Sunday, June 28, 2015

Fed Judge: Railroads Responsible for Costs of Oil Spills, Disaster Planning

CA Fed Judge: Train Companies Must Prepare for Oil Spills

 PHOTO: Companies running oil trains in California will be required to have a spill-response plan. Photo credit: vladyslav-danilin/shutterstock

June 26, 2015

Railroad companies soon won't be able to carry oil in California unless they have a safety plan - and put aside lots of money to cover any future spills. That's because a federal judge in San Francisco dismissed an industry lawsuit last week against California's new railroad safety law.

Patti Goldman, managing attorney for Earthjustice, said the precautions required are common sense.

"All other industries, like the tankers that carry the oil, the refiners, the pipelines, all of them prepare these oil-spill response plans," she aaid. "It's time for the railroads to do the same."

Railroad companies had argued that federal law pre-empts states' regulation of the railroads.

Goldman said the companies now will have more incentive to get the training, equipment and communications systems in place to prevent the worst-case scenario.

"They improve their practices. They can't get financial assurances if they're being really risky," she said. "And they figure out how to handle the oil better so that they won't have a spill."

California's railroad safety law will go into effect once regulations are finalized.
Suzanne Potter, Public News Service - CA

Victory: Railroads must show financial responsibility, safety plans for hazardous fuels they transport in California 

EarthJustice   June 19, 2015
San Francisco, CA —Yesterday, a federal judge dismissed a legal challenge to a California law that requires railroads to commit to oil spill response plans and demonstrate financial solvency in state efforts to reasonably prepare for the risk of oil car derailments and disasters such as those seen this year in West Virginia, Ontario and Illinois.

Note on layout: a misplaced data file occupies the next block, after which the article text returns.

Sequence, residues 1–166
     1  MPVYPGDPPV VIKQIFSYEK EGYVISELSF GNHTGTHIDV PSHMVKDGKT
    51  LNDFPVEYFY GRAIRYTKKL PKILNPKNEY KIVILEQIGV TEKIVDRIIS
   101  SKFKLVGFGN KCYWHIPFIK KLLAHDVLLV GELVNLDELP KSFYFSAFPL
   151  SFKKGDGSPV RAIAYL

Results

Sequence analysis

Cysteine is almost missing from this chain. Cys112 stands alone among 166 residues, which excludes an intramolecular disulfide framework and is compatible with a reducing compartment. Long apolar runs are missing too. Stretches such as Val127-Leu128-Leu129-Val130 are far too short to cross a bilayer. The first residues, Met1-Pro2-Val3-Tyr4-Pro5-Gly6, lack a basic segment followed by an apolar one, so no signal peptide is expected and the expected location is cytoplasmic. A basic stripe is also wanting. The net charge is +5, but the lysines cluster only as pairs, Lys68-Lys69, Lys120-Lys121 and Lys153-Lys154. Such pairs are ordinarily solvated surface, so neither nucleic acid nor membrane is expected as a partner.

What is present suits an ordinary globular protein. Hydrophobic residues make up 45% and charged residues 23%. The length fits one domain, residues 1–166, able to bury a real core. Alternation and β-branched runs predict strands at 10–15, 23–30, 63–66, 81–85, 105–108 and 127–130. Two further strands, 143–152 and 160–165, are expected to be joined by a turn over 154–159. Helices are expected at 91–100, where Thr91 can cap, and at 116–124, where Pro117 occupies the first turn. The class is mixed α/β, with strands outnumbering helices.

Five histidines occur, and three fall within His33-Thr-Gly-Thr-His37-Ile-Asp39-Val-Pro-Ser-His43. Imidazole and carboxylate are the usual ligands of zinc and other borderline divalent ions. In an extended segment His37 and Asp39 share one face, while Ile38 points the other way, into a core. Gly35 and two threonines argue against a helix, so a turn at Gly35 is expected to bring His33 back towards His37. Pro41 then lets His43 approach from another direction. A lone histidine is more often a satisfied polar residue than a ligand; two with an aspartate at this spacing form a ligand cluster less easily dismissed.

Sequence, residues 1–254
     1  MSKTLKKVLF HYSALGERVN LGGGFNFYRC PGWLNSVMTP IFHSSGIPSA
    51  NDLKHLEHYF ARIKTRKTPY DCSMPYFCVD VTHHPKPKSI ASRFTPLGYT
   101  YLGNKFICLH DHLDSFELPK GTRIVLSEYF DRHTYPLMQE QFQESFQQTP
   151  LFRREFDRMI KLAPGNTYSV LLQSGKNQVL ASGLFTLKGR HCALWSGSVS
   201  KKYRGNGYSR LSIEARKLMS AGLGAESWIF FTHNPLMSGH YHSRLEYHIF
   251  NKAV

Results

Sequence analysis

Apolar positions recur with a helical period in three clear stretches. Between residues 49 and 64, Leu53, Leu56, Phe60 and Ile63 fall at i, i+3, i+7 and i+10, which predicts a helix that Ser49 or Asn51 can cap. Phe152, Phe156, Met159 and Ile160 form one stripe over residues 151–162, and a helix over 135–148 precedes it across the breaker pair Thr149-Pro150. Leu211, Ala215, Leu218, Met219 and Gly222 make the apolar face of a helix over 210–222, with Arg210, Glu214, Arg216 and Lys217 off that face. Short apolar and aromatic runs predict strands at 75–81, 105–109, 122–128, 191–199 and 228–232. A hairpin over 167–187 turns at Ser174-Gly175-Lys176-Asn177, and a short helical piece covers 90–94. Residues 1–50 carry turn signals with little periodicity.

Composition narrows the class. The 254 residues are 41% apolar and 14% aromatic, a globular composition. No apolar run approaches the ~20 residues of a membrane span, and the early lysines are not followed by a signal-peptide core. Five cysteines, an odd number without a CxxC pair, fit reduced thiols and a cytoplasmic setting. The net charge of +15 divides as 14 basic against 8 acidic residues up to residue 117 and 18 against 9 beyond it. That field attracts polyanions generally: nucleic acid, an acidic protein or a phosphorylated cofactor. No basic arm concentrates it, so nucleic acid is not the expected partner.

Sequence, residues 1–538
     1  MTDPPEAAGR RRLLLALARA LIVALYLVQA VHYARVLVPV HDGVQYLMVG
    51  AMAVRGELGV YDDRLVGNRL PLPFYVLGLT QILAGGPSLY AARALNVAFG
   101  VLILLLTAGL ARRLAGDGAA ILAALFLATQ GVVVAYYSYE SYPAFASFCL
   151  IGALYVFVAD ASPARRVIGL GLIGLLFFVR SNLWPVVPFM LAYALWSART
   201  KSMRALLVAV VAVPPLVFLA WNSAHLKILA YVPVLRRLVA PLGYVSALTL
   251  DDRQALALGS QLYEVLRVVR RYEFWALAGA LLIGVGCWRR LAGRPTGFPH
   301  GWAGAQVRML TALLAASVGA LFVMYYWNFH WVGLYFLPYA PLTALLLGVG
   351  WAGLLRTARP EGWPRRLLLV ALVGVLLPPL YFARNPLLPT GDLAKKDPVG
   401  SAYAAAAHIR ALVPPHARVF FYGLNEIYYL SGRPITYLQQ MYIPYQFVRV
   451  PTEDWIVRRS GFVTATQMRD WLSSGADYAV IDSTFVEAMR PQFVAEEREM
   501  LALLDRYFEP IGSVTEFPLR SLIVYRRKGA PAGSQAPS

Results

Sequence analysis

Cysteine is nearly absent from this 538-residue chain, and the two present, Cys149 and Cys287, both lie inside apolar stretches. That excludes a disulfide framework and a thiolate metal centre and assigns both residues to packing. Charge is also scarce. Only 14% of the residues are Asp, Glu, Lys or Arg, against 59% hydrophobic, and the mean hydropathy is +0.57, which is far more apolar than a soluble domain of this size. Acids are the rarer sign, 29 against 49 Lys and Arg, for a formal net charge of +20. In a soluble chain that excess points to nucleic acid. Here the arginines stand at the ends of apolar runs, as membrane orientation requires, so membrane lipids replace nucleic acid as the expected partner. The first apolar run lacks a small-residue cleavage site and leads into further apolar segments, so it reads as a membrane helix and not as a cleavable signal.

Reacting to a dramatic surge in crude oil trains coming into the state and threatening state waters, California passed a law last year requiring that railroads and other entities that transport oil across the state prepare comprehensive oil spill response plans and demonstrate financial responsibility to clean up a worst-case oil spill. The railroad industry sued the state, seeking to prohibit enforcement of the law, arguing that federal rail laws preempt any state regulation of the railroads. Earthjustice, representing a coalition of concerned citizen groups, sportfishermen, and environmental organizations, joined in the State of California’s defense of the law.

The ruling allows the state to implement regulations requiring increased accountability from railroads in light of the exponential expansion of crude-by-rail shipments across the nation and the resulting risks and incidents of derailments, spills and explosions. In his ruling, Judge Troy Nunley of the Eastern District of California dismissed the railroads’ challenge as premature, since the law they challenged has not yet been implemented.

“States have the authority—a duty even—to demand that railroads have plans in place to respond to disasters and protect waterways from oil spills,” said Earthjustice attorney Tamara Zakim.  “California’s law is a sensible response to the flood of Bakken crude and Canadian tar sands oil entering the state by rail and the threat those shipments pose, and the Court has done the right thing by dismissing railroads’ baseless challenge.”

Earthjustice represented San Francisco Baykeeper, Communities for a Better Environment, the Sierra Club, California Sportfishing Protection Alliance, Center for Biological Diversity, Association of Irritated Residents and the Asian Pacific Environmental Network in defense of the law.

Read the legal document.

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